Ask for Feedback

Constructive feedback will help you identify any ambiguity in your speech. Is your message clear, particularly if you are weighing up different viewpoints? Are you using confusing language, industry jargons and acronyms, or are you mispronouncing words? You will need to take into account your audience’s age, their level of knowledge about the subject, and any preconceptions they may have about you or about the topic. You also have to learn to accept harsh feedback. If you hear something that you don’t like, don’t disagree just yet. If you have a recording of your speech, listen to it and see if the criticisms are on point. If they are, then you’ve got additional motivation to do better. If they’re not, well, at least you know you did a good job that you can improve on. Win-win!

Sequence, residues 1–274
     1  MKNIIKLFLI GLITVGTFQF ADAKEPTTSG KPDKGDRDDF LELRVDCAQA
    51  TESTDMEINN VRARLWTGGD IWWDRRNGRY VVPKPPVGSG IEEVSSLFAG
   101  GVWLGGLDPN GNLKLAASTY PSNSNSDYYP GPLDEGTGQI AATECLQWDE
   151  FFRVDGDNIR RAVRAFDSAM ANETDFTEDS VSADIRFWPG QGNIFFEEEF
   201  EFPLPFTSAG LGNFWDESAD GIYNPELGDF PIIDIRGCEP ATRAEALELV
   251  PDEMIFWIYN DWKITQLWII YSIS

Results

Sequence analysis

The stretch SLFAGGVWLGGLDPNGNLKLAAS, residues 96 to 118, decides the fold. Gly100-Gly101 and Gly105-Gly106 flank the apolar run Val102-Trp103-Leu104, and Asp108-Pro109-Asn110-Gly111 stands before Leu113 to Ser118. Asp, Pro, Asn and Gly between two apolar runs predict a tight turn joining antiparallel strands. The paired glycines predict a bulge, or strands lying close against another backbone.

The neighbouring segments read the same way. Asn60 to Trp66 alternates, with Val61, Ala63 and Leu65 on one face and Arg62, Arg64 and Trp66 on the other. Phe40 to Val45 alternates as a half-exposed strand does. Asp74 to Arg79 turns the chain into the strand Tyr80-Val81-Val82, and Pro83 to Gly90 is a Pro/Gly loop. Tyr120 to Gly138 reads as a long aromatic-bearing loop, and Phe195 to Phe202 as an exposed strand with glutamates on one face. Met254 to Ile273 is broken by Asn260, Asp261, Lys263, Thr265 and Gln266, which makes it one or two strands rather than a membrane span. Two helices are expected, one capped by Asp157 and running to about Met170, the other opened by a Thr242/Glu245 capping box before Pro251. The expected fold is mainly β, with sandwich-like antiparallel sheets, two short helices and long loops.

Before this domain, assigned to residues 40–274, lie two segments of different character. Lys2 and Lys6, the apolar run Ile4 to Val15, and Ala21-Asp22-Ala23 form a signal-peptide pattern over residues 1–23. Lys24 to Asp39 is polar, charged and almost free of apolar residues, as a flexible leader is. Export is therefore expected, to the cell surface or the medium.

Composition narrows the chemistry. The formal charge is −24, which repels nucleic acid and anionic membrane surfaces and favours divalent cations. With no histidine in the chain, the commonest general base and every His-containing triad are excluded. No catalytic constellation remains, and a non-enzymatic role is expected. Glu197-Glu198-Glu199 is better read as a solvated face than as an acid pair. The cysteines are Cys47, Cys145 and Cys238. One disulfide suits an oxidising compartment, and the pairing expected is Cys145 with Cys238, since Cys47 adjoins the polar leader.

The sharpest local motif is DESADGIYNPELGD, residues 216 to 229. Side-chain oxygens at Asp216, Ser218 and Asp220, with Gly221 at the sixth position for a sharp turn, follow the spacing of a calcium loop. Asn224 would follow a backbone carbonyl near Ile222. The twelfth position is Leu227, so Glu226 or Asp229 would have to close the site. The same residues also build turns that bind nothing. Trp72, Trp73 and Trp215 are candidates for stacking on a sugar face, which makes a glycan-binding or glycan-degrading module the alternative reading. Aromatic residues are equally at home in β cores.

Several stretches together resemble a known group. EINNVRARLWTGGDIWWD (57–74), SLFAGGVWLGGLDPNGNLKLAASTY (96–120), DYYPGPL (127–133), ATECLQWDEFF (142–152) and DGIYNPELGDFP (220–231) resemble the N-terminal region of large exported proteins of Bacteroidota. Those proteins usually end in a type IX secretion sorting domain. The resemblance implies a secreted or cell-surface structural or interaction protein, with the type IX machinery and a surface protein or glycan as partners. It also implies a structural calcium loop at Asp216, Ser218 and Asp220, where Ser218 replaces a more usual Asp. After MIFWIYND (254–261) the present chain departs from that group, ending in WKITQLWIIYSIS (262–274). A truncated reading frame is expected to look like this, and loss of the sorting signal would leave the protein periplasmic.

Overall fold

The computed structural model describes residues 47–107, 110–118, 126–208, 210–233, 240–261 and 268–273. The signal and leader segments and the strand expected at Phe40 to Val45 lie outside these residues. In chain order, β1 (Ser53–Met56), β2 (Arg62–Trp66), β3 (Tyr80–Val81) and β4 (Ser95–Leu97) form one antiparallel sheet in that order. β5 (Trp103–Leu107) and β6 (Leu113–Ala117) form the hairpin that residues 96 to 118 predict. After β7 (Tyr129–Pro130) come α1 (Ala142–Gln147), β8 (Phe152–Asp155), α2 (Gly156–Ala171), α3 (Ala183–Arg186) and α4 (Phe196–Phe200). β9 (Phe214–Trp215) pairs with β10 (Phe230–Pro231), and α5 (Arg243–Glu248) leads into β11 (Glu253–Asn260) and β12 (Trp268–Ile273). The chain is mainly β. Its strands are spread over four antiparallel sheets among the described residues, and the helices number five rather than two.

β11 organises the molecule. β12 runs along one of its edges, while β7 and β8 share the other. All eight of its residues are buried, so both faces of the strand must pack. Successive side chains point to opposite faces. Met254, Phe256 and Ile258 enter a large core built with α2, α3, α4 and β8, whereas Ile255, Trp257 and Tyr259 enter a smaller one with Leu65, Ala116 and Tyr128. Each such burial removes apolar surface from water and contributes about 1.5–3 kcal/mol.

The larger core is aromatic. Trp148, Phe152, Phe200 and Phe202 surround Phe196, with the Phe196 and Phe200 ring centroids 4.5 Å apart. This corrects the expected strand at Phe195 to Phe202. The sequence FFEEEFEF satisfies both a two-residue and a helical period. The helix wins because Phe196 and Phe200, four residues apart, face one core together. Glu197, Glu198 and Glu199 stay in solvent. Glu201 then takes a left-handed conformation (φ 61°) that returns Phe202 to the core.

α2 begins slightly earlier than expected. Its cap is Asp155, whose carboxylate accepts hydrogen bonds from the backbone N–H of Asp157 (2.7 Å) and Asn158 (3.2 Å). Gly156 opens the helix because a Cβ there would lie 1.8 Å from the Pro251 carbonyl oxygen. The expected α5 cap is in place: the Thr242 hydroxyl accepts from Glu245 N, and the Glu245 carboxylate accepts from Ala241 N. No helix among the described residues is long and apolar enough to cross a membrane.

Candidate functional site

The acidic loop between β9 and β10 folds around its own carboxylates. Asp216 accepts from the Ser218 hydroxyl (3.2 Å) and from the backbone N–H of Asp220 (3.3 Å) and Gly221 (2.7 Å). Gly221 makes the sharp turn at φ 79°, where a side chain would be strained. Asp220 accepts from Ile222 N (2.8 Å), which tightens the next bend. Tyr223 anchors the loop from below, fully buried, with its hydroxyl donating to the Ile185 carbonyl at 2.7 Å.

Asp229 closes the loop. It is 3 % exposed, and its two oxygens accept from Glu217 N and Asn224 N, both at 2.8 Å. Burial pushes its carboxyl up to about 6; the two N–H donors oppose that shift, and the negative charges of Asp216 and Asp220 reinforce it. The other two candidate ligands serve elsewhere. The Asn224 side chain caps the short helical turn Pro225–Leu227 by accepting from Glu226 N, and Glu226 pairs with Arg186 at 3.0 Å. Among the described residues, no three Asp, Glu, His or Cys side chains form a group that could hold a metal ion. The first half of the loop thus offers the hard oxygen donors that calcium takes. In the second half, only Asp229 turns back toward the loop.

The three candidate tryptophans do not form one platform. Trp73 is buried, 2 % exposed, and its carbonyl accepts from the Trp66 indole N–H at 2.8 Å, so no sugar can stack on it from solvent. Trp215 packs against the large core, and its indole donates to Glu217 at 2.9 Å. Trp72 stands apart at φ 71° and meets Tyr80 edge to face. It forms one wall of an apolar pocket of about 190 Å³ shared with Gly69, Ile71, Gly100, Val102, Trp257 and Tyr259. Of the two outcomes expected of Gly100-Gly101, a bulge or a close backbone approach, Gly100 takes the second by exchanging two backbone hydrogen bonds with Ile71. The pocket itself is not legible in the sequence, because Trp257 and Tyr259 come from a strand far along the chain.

Watch and Learn

This is a particularly useful tip if you want your speech to be motivational. Learn from those who motivate you. What techniques do they use? How do they capture and retain your attention? How do they make you feel? To motivate someone, you have to make them care. Why do you care about this person or what they are saying? You can then integrate these lessons into your own speeches. This doesn’t end here, however. The next step is to build upon these realisations and improve on them even more. You want to be a good speaker, not a good copycat speaker!


Enrol in a Public Speaking Course

Courses are available that will help you identify the specific skills you need and show you how you can draw up a template for a successful speech. For example, you will need an opening, a body, and a conclusion to your speech and you will need to remember what to say and when.